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May 27, 2007 7:00 pm


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Ismail Haniya, the Palestinian Authority’s Hamas prime minister, went into voluntary seclusion in Gaza last week, heeding an Israeli hint that he was on a death list after his movement’s militants resumed a rocket war on southern Israel.

Ehud Olmert, Israeli prime minister, must wish he could have done the same. On his outing to the rocket-blasted border town of Sderot last Monday, a booing crowd demanding his resignation and gave him the roughest reception of his troubled year-old tenure.

The people of Gaza, just across the border, were equally angry. Having spent almost a week sheltering indoors from a Hamas-Fatah war on the streets outside, they now faced the additional trauma of daily Israeli air strikes against the rocket squads.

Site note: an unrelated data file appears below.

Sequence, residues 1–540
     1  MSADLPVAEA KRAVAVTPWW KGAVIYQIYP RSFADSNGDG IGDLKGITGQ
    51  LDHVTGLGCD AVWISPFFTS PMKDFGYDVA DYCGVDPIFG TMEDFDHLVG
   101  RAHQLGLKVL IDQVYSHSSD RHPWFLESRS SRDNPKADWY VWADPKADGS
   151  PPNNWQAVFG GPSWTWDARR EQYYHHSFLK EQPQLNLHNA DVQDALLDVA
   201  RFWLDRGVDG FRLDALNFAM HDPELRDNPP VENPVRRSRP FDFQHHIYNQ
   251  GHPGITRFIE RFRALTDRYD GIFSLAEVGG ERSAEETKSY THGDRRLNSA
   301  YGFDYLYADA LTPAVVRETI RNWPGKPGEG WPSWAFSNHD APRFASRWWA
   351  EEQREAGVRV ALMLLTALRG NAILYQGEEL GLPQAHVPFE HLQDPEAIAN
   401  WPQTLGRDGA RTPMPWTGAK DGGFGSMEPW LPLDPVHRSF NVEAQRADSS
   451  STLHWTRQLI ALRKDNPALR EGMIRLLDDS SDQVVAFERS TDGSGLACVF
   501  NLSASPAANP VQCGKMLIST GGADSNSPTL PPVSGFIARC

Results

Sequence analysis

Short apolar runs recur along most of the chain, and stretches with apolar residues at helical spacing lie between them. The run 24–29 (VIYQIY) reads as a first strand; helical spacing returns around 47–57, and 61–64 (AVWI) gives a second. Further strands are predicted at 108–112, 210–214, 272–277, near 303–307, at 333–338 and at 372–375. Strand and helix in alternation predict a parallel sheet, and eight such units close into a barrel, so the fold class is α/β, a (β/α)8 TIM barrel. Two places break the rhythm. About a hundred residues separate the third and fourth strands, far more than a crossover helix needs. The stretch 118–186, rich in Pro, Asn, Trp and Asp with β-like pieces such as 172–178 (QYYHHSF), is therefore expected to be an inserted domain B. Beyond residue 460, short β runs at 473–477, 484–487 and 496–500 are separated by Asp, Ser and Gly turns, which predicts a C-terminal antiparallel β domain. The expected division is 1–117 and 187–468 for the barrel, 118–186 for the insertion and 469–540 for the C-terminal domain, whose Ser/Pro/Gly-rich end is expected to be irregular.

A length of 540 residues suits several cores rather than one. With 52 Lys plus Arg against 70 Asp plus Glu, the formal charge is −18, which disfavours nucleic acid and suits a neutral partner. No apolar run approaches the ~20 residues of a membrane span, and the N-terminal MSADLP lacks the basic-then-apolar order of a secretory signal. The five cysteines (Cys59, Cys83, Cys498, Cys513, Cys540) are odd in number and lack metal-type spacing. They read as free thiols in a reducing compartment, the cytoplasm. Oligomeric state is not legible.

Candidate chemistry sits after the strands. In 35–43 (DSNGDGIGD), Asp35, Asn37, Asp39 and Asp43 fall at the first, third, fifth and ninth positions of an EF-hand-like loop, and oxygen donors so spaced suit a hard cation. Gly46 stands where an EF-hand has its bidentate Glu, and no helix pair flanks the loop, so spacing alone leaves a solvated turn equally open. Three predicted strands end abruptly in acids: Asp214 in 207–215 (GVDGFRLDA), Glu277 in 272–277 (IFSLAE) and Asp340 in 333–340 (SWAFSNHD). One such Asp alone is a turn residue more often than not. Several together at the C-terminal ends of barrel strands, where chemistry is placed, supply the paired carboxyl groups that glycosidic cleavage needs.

The outbreak of violence on two fronts eclipsed tentative peace efforts by Condoleezza Rice, the US secretary of state, who had been due in the region, and by Arab countries that are pushing their own Saudi-drafted peace plan.

Less than two years after Israel’s unilateral evacuation of its civilian settlements from the Gaza Strip, a move the international community supported as a step towards promoting stability and prosperity for its Palestinian inhabitants, the territory has descended to new depths of lawlessness and economic misery. The choice of voters to elect Hamas, and the subsequent boycott by western states that regarded it as a terrorist organisation, were among the factors that contributed to the decline. But so, too, as organisations such as the World Bank and United Nations repeatedly warned, did Israel’s stranglehold on Gaza’s borders, which has throttled the economy and increased Gaza’s isolation.